Minorities Understand the Threat from Climate Change

"Latinos and African-Americans have taken the lead on recognizing the need to address climate change because they are most affected by it." [Read more]


Evidence Of Racial, Gender Biases Found In Faculty Mentoring

"Faculty at private schools were significantly more likely to discriminate against women and minorities than faculty at public schools. And faculty in fields that were very lucrative were also more likely to discriminate. So there was very little discrimination in the humanities. There was more discrimination among faculty at the natural sciences. And there was a lot of discrimination among the faculty at business schools." [Read more]


The Failure of School Desegregation

This young lady, when she graduates this year, she will have never had a white classmate.

. . .

. . . what I felt was very critical was to show that this isn't a benign process, this isn't just a matter of well, people live in neighborhoods that are segregated and that's why schools are segregated. School officials take very specific actions that lead to re-segregation and I think it's important to show that this is a process, it's not something that just happens naturally.
[Read more]


African-American Boys Are More Likely to Be Viewed as Adults Than White Boys

"black boys are 18 times more likely to be tried as an adult than are white boys . . . for the exact same offenses." [Read more]


Weaker Background Checks Leads to Spike in Gun Homicides

In 2007, Missouri repealed a law requiring gun buyers to obtain a license demonstrating they'd first passed a background check. In the years that followed, the Johns Hopkins Center for Gun Policy and Research tracked the results. In the forthcoming issue of Journal of Urban Health, the center will release it's findings: The law's repeal was associated with an additional 55 to 63 murders per year in Missouri between 2008 and 2012. For more on the report, Audie Cornish speaks with Daniel Webster, the director of the center. [Listen to the story]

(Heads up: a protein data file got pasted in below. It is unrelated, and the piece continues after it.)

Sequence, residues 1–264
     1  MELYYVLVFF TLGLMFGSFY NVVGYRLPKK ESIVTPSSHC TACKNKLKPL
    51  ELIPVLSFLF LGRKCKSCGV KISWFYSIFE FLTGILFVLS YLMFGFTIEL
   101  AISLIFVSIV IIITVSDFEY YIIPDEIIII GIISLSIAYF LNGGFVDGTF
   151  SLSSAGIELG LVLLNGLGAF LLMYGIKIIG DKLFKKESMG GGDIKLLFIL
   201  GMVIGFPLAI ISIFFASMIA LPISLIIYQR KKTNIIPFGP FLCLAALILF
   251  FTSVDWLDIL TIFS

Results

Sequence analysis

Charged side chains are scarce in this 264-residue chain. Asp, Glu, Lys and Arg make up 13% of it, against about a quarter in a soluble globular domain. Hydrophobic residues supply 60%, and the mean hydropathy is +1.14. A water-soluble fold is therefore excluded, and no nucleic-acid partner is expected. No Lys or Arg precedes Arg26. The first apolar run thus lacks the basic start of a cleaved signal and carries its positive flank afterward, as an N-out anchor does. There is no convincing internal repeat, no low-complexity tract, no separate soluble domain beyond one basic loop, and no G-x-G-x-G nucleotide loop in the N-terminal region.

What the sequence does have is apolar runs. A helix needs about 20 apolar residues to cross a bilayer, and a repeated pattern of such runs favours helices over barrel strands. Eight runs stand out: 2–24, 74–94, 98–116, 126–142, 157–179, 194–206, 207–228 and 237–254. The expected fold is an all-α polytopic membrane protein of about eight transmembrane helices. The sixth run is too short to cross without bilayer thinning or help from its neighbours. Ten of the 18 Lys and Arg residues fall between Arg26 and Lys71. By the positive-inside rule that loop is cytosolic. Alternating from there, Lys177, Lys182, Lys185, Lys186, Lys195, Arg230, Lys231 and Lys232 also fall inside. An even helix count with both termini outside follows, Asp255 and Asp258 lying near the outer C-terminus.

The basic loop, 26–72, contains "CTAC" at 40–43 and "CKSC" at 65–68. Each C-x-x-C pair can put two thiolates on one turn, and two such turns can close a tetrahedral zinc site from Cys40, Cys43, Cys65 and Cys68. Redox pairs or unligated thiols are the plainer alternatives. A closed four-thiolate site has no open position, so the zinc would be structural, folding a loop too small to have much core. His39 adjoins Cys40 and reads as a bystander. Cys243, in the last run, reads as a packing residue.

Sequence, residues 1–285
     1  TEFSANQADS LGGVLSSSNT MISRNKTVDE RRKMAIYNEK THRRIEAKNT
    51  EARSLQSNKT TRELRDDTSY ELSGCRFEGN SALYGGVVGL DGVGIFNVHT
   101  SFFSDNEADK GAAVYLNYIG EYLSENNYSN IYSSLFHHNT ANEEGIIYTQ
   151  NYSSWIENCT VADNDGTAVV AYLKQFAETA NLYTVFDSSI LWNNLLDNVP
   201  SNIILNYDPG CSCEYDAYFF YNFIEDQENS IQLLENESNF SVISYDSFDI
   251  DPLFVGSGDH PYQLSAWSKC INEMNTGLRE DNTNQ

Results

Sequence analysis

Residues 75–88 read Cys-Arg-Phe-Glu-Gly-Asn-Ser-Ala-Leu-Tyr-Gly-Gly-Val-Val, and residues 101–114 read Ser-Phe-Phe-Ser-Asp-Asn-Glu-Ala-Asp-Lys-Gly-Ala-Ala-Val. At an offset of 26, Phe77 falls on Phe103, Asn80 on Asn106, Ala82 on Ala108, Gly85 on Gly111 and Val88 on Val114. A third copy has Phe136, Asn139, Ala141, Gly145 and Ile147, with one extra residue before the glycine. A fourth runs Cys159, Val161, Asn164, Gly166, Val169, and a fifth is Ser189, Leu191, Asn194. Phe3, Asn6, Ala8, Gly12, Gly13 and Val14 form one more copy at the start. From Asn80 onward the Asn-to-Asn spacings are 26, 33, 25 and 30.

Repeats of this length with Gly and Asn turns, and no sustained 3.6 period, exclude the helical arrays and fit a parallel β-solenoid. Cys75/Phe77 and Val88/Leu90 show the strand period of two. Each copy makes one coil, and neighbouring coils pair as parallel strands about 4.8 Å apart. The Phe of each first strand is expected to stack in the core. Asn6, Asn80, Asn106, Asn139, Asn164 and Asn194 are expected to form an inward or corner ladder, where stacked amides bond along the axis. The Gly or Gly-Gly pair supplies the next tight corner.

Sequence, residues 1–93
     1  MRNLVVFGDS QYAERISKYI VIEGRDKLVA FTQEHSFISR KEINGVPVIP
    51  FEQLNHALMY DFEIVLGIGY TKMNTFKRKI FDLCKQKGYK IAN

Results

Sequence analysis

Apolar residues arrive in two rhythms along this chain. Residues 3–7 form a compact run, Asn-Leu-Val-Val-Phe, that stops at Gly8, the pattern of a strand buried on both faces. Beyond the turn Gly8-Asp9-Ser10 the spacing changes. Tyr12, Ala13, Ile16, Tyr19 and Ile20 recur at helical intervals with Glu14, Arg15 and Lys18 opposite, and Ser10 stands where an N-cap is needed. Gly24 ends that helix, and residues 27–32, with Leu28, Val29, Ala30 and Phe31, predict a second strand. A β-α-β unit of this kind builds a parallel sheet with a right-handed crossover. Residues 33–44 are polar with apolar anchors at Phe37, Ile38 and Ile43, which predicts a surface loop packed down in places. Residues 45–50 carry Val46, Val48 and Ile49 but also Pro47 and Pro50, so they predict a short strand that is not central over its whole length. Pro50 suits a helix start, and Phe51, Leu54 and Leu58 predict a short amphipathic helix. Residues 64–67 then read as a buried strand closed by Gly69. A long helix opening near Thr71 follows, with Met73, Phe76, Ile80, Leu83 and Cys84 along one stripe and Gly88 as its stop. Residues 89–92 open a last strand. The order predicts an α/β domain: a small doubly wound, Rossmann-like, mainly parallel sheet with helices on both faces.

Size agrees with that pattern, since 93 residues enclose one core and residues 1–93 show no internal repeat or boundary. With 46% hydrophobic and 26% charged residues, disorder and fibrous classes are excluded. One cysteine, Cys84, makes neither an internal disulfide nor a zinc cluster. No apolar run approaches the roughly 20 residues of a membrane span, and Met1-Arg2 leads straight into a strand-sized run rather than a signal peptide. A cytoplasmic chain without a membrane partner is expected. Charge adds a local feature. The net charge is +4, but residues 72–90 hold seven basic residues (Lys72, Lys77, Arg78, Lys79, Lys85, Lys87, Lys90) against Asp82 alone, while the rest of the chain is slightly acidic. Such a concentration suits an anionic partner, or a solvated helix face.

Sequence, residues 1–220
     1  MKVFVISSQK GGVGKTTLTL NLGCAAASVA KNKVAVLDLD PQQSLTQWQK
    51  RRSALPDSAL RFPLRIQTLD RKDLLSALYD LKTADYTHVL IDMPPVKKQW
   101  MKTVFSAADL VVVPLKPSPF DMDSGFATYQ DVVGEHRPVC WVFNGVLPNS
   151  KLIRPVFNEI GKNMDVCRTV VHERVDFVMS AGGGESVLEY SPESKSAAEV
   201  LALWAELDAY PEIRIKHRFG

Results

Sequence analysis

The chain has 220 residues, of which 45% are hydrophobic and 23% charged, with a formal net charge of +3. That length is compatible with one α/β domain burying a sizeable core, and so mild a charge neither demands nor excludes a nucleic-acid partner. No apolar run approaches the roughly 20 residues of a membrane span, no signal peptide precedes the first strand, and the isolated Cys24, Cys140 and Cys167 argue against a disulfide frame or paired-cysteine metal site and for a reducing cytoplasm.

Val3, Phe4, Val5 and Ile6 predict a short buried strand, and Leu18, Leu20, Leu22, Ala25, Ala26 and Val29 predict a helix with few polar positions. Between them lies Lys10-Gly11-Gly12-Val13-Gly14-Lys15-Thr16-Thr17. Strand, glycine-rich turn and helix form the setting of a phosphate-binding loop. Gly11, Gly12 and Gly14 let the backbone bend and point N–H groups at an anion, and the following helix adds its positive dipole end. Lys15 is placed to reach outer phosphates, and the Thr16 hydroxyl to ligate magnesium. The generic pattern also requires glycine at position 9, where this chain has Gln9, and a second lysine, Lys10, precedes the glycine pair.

Jeopardy Contestants Avoid Black History Like the Plague

Happy Black History Month, everyone, courtesy of last night's all-white College Jeopardy panel! In the second round of play, the contestants sailed through five of the categories—including "International Cinema Showcase," "Weather Verbs," and "Kiwi Fauna"—but avoided the sixth like the, ahem, black plague. That category was "African-American History."
In other words, these kids were more confident in their knowledge of weird animals in New Zealand than black human beings in America. [Read more]

The Bias Against Black Bodies

Charles Blow provide a good overview of the biases in the criminal justice system against blacks (among other things) here.


Violent Crime Continues to Decline

The Federal Bureau of Investigation said Tuesday that violent crimes, including murders, fell by 5.4 percent in the first six months of 2013 compared with the same period in 2012, continuing a long reduction in violent crime across the country. [Read more]